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Royal Babies

Joy, hope and stability

On 23rd April Prince Louis Arthur Charles was born in the Lindo Wing of St Mary’s Paddington hospital. This is a most auspicious date, as it is the Feast of St George, patron saint of England. It is also traditionally the birthday of our most famous writer William Shakespeare.

The son of Prince William and Katherine, Duchess of Cambridge, he is 5th in line to the throne. The news was announced in the most modern and traditional of styles. There were posts on Twitter, Instagram and Facebook, alongside the usual television broadcasts and of course an announcement was posted outside Buckingham Palace on a golden easel.

The pressure is now off for Kate. Any wife of an heir to the throne is expected to produce ‘an heir and a spare’, just in case something happens to the first-born. In British history we have had many cases of kings who were second sons. Henry VIII and Charles I both lost their elder brothers to illness. The father of our current queen Elizabeth II, became King George VI when his elder brother, Edward VIII, abdicated in favour of marrying the American divorcee, Wallis Simpson.

Royal babies are incredibly important. There are some instances when great hope has been raised by the arrival of a new member of the royal family. One famous instance was the birth, finally, of a son to Henry VIII, guaranteeing the continuation of the Tudor dynasty. It was celebrated in grand style at Hampton Court Palace with a lavish christening. The fact that one queen had been deposed, another lost her head and the religion of the country changed in order for him to be born made the celebrations, and the relief at his birth, even greater.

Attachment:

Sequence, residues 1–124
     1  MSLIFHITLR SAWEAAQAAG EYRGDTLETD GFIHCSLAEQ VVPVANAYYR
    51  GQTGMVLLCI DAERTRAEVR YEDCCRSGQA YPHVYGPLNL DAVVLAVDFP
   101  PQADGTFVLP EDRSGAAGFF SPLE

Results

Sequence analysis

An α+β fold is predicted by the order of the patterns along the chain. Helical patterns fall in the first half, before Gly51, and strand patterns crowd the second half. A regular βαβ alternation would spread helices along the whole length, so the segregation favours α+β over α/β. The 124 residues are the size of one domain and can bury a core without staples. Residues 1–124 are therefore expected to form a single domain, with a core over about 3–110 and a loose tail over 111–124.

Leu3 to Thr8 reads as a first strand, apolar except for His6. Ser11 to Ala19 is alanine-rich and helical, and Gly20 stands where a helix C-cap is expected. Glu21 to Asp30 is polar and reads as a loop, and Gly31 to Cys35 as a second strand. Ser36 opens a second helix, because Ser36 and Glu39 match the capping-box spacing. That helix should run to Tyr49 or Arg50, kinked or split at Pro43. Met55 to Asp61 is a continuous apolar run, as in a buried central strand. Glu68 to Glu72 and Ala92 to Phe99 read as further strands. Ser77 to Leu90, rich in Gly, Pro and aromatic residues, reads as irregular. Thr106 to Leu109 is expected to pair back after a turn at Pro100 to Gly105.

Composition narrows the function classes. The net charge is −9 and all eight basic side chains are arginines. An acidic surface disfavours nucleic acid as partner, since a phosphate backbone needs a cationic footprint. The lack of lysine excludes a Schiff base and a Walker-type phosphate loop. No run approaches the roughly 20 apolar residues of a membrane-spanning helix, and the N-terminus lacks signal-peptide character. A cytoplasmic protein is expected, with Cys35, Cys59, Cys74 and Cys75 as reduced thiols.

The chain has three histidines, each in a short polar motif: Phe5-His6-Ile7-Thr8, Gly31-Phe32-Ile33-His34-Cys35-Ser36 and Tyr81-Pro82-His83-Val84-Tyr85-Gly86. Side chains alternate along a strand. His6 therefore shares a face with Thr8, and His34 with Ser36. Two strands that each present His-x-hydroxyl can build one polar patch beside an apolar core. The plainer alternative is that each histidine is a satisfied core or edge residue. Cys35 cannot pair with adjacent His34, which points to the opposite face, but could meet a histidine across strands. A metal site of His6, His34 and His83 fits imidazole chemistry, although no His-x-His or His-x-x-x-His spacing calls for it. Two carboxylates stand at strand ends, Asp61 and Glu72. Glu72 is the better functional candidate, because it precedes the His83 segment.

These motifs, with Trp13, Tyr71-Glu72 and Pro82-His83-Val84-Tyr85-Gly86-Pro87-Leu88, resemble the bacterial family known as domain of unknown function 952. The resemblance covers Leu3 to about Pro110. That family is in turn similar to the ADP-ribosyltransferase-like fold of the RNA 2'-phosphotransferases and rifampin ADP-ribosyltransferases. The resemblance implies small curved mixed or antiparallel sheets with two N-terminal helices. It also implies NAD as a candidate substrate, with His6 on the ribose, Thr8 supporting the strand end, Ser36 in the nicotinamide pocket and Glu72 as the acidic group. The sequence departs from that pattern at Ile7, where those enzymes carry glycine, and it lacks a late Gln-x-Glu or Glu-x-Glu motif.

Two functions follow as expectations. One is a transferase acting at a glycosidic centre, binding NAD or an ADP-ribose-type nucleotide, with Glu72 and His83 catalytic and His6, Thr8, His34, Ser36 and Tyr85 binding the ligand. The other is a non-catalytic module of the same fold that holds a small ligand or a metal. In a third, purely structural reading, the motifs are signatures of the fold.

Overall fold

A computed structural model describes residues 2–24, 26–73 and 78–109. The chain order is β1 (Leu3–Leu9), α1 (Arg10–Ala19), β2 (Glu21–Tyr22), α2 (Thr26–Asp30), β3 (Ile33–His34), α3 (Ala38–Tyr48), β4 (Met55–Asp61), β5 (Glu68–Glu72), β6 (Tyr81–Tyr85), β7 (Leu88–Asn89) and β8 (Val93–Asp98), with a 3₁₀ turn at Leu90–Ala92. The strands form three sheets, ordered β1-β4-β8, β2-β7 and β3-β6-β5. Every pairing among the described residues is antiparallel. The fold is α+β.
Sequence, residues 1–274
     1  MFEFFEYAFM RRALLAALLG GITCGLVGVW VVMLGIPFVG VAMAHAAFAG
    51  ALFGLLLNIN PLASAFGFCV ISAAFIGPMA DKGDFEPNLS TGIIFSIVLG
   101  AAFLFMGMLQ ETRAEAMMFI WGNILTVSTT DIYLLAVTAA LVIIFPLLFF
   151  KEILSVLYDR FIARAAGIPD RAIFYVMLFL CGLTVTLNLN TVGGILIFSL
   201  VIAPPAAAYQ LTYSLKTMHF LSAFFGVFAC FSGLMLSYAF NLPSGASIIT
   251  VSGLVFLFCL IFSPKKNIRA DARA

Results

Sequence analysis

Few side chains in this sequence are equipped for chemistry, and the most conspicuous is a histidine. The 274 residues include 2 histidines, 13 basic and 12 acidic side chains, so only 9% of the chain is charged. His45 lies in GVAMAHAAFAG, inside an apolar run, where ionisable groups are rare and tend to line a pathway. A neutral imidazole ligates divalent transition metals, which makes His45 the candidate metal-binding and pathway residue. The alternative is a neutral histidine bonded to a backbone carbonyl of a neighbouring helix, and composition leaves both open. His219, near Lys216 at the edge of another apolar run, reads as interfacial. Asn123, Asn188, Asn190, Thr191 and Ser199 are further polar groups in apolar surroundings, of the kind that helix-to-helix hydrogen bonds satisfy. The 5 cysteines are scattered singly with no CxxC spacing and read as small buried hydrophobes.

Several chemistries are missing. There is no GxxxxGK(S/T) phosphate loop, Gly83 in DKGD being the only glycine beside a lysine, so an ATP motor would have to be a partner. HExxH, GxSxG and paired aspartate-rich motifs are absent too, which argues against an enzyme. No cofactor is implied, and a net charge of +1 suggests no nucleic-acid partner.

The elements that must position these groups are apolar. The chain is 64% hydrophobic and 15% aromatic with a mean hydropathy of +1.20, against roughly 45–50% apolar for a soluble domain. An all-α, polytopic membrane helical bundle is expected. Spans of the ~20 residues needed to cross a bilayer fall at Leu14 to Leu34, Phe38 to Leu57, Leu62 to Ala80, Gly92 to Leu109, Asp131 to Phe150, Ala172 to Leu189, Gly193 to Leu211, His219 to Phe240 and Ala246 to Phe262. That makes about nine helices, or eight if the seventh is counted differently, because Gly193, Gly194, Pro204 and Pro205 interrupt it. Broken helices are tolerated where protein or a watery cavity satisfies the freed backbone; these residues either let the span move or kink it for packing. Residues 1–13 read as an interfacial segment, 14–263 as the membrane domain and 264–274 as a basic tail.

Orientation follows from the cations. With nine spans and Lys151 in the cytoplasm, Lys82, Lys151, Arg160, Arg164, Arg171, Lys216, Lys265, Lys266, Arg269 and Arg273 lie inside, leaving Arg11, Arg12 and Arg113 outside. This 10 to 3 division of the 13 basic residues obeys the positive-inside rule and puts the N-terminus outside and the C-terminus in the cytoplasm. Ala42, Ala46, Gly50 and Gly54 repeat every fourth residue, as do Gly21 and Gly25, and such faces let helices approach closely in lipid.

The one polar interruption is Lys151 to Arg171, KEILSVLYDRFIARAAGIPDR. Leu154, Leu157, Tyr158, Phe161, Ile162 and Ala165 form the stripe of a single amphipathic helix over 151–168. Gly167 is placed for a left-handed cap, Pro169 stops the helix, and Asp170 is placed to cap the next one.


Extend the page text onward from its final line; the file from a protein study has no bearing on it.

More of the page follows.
At that time a son was of paramount importance as women were not regarded as strong enough to be stable rulers. How British history has proved this theory wrong! Some of our greatest monarchs have been women. Queen Elizabeth I, Queen Victoria and our current Queen Elizabeth II have all provided long periods of progress and stability. Despite this record, it took parliament until 2013 to change the rule of male primogeniture. Just before the birth of Prince George the law changed to say that sons do not take precedence over daughters in the line of succession. As a result Louis’ does not jump ahead of his sister Charlotte to become 4th in line to the throne. He slips into 5th place.

Less frequently remembered is the great hope raised by the pregnancy of Princess Charlotte, daughter of the Prince Regent later King George IV. Her father was a rather unpopular ruler so by 1816 Charlotte was the darling of the people and their hope for the future. When the news broke that she was due to give birth to a child there was great rejoicing. She and the child would be a fresh start for a new royal family, which the people craved. However, disaster occurred when Charlotte died during childbirth and the baby was stillborn. The outpouring of grief at the time can be compared to the grief shown at the death of Diana, Princess of Wales, just over 20 years ago.

Royal babies gain a lot of attention. As a result the royal family are keen to protect them from the glare of the world media. Their rare appearances, however, are viewed on television around the world and their clothes are scrutinised by the press. Prince George’s outfits have sent sales rocketing in the same way as his mother, Kate, and grandmother, Diana, set many fashion trends.

Whilst it is highly unlikely that young Prince Louis will ever become king, he will not disappear into the background of minor royals. With his father as second in line to the throne he is at the very centre of the Royal Family. As Louis grows up his antics alongside his brother and sister will be a source of fascination for the world.

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